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  • Lynndell
    January 1, 1970
    Interesting read!Thanks to NetGalley and Macmillan Feiwel and Friends for the opportunity to read and review History vs Women: The Defiant Lives That They Don’t Want You To Know by Anita Sarkeesian and Ebony Adams!The chapter titles are Reckless Rebels, Revelatory Scholars, Ruthless Villains, Restless Artists, and Relentless Amazons! The chapter titles made me even more interested in the book! The introduction got me hyped up by a few historical facts about women, such as a Japanese woman invent Interesting read!Thanks to NetGalley and Macmillan Feiwel and Friends for the opportunity to read and review History vs Women: The Defiant Lives That They Don’t Want You To Know by Anita Sarkeesian and Ebony Adams!The chapter titles are Reckless Rebels, Revelatory Scholars, Ruthless Villains, Restless Artists, and Relentless Amazons! The chapter titles made me even more interested in the book! The introduction got me hyped up by a few historical facts about women, such as a Japanese woman invented the novel and a Chinese woman ruled a fleet of 400 pirate ships. This impressive work of history and the women who created it is a gem to read! From a civil rights activist to a prime minister, each story captured my interest and I will purchase this book for the library for research and as a great read, 5 stars!
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  • Alba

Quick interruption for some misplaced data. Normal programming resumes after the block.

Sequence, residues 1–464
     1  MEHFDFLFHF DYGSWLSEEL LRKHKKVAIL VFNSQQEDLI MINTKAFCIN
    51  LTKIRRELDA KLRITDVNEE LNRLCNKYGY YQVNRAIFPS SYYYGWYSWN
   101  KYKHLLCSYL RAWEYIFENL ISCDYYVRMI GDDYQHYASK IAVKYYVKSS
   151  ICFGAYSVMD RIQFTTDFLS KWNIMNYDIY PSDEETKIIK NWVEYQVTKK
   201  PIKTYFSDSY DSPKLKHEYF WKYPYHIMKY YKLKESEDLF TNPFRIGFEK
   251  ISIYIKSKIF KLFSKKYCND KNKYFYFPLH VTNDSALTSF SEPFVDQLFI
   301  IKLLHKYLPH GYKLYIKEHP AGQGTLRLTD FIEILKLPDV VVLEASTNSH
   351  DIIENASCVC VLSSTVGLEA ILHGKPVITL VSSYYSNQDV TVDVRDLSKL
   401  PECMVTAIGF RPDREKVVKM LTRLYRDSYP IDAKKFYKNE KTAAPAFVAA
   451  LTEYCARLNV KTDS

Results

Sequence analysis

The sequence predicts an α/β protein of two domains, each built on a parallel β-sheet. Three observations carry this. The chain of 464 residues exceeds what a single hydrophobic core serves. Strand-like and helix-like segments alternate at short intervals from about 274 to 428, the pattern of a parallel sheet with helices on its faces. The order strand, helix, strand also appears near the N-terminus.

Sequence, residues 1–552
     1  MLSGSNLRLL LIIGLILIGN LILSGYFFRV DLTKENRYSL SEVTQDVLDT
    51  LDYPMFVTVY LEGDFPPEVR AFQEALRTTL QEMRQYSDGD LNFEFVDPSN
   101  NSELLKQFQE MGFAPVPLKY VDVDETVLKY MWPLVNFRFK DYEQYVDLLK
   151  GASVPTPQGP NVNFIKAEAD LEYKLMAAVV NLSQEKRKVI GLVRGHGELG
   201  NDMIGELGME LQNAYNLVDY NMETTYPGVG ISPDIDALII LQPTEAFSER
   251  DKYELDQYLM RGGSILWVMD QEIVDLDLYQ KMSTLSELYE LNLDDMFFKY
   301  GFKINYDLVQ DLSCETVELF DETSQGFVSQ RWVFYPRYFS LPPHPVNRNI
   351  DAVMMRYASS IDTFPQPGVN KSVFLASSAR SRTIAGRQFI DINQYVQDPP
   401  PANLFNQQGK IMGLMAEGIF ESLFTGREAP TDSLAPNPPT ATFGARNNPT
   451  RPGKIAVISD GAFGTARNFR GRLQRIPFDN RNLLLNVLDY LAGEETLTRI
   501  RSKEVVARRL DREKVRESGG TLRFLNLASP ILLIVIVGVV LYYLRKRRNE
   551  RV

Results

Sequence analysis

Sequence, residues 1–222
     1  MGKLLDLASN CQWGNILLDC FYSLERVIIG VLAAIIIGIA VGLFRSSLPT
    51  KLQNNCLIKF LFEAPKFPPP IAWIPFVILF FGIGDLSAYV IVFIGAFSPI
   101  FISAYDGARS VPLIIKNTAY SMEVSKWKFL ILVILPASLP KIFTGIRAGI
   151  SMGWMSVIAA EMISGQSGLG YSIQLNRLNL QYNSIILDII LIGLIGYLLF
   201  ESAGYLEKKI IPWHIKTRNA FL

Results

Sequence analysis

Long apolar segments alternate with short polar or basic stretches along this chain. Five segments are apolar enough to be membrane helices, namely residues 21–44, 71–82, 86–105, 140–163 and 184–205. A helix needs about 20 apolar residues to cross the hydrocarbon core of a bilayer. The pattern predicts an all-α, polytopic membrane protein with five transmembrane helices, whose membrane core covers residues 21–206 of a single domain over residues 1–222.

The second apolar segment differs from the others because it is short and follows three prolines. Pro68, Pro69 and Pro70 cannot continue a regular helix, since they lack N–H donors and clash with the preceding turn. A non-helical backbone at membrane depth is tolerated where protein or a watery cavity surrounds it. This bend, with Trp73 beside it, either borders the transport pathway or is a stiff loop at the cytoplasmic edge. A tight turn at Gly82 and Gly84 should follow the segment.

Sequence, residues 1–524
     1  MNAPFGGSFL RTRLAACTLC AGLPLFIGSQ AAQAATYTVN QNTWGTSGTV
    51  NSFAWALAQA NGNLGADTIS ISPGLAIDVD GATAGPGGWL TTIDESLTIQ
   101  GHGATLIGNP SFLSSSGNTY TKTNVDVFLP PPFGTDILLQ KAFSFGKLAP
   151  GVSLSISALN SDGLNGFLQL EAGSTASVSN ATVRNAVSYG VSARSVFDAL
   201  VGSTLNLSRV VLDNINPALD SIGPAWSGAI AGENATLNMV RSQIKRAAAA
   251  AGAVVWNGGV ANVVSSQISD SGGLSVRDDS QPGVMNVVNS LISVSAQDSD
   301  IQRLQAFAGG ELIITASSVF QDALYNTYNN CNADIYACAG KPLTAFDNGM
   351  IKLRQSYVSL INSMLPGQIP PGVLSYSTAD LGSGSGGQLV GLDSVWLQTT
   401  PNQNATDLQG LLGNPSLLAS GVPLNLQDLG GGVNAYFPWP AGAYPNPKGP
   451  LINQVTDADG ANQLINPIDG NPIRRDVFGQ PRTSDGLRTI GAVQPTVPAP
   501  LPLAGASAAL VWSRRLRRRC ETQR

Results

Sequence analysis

January 1, 1970
    Perhaps it was my own excitement pre-release the reason why I was a bit disappointed by this book. I preordered it as soon as I could since I have followed Sarkeesian's steps for a long time now and got to know about Adams through a podcast they both host (with another equally brilliant woman). I expected the book to be thorough but this is more of a coffee table book. The illustrations are gorgeous and it is at its core a very necessary book but it lacked depth to me. I also found the selection Perhaps it was my own excitement pre-release the reason why I was a bit disappointed by this book. I preordered it as soon as I could since I have followed Sarkeesian's steps for a long time now and got to know about Adams through a podcast they both host (with another equally brilliant woman). I expected the book to be thorough but this is more of a coffee table book. The illustrations are gorgeous and it is at its core a very necessary book but it lacked depth to me. I also found the selection of the women in it a bit random overall but I would still recommend this book since it is important that we get to know more about women in history and every little helps.
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  • Erikka
    January 1, 1970
    This was a fantastic, and extremely well organized, glimpse into the lives of 15 amazing and diverse women from history. There's nothing I can say about this book that isn't said 10x more eloquently within its own pages, so I won't try. Just read it, have your girls read it, and especially have your boys read it. A side note on one of the women, artist Artemesia Gentilleschi. If you find her story interesting, read the novel in verse "Blood Water Paint", a lovely story that gives a voice to a fo This was a fantastic, and extremely well organized, glimpse into the lives of 15 amazing and diverse women from history. There's nothing I can say about this book that isn't said 10x more eloquently within its own pages, so I won't try. Just read it, have your girls read it, and especially have your boys read it. A side note on one of the women, artist Artemesia Gentilleschi. If you find her story interesting, read the novel in verse "Blood Water Paint", a lovely story that gives a voice to a forgotten painter of unbelievable talent.